Crews continue cleanup after storm
SEATTLE — Well over 100,000 customers remained without power in Washington state Thursday after a powerful storm killed three people and prompted an emergency declaration from the governor.
Gov. Jay Inslee declared a state of emergency Wednesday for all Washington counties, clearing the way for state officials to increase aid to those with storm damage.
Winds on Tuesday exceeded 100 mph in some areas of the Inland Northwest.
A 54-year-old identified as Lea Anne Scott was killed when a tree fell in Spokane. Grant M. Strinden, 23, died when a tree crushed his car as he was driving in Snohomish County, authorities said, and a third victim, Carolyn M. Wilford, 70, was killed when a tree landed on her car on Highway 904 about 15 miles southwest of Spokane.
Fallen trees blocked streets and slowed commutes in Spokane, and officials asked people to stay home and off roadways if possible.
Allen Kam, with the National Weather Service in Seattle, said rain last weekend may have saturated soil, making it easier for the winds to topple trees.
Avista Corp. on Thursday was still trying to restore power to some 105,000 customers, most in Spokane County and northern Idaho.
The utility said customers who lost power Tuesday should be prepared to go three to five days without electricity. Crews were expected to work around the clock until service was restored.
"This is the largest crisis Avista has experienced in the company's 126-year history," the company said in a news release.
An estimated 700 miles of overhead power lines were damaged by the wind storm, the company said.
In Portland, Oregon, an 80-year-old woman spent the night trapped in bed after a tree fell on her home and missed her by inches during the wind storm.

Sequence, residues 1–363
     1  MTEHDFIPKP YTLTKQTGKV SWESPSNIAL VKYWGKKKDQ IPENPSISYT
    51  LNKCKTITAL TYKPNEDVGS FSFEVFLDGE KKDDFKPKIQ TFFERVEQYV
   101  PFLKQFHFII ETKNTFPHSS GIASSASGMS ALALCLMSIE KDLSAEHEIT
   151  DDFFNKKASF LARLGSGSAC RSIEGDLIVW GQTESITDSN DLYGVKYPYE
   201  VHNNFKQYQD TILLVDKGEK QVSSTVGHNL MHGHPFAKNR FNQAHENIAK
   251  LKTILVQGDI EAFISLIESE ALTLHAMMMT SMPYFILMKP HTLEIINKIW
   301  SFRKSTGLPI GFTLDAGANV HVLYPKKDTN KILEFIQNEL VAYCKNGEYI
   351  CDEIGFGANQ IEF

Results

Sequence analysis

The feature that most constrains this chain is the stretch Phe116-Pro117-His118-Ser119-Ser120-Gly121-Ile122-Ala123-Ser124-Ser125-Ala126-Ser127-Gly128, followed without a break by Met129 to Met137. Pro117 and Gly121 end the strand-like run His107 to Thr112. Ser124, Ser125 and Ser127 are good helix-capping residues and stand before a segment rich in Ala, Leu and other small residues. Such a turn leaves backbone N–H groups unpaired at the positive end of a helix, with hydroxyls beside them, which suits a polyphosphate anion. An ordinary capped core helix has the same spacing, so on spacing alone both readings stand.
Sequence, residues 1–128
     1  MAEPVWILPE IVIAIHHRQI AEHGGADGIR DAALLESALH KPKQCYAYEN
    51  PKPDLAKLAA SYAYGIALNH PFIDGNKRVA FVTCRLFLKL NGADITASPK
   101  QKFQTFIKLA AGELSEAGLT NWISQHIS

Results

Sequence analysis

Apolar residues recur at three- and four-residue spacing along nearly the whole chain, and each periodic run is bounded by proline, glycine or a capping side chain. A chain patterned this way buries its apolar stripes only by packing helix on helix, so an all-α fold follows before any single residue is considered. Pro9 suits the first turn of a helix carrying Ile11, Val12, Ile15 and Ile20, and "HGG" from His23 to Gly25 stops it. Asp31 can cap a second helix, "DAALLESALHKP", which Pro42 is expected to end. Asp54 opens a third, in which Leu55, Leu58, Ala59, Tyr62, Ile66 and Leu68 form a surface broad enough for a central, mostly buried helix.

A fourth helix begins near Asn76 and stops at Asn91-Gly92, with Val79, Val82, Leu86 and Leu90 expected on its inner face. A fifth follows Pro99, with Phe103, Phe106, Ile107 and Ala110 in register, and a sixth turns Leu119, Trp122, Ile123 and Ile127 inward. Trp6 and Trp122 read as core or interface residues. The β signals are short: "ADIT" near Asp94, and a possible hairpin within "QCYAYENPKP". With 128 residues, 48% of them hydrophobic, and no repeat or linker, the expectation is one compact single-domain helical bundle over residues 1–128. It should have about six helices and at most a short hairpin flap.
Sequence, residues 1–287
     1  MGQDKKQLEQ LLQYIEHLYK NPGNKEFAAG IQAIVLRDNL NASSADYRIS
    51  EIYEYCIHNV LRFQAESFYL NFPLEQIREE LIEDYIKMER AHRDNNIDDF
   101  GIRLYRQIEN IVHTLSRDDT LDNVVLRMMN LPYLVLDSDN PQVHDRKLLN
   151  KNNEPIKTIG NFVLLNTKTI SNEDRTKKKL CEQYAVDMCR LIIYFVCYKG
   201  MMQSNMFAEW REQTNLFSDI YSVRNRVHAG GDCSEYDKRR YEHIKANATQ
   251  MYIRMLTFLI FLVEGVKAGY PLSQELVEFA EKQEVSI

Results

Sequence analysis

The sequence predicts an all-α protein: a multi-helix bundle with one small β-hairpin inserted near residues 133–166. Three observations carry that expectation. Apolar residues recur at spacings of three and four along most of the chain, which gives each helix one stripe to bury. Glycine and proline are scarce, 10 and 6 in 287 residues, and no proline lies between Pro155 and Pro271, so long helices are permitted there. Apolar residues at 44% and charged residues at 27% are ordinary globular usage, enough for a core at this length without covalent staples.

When firefighters arrived, the woman told them she had a few scratches but wasn't hurt.
Public schools were closed in Spokane on Wednesday and Thursday.
Puget Sound Energy said more than 30 transmission lines were badly damaged and about 100,000 customers were without power early Wednesday. That number had dropped to about 11,000 by Thursday morning, and the utility said most customers would regain power by the end of the day.
The Snohomish County Public Utility District said 31,000 remained without power Thursday, down from 130,000 early Wednesday.
Floodwaters had started to recede on Western Washington rivers by Wednesday afternoon and King County closed its flood warning center.
Firefighters and police rescued two women trapped Wednesday evening in high water after they ignored a road closure and drove into standing water near Bellingham.
The strong winds and extended downpour caused fewer problems in Oregon, but roughly 2,000 Portland General Electric customers remained without power in the Portland area Wednesday afternoon.
Wind gusts around 100 mph rattled areas west and north of Denver, blowing snow from Tuesday's wintery storm across roads and knocking out power.
The storm dumped over a foot of snow in some parts of the Plains and winds created snow drifts several feet high.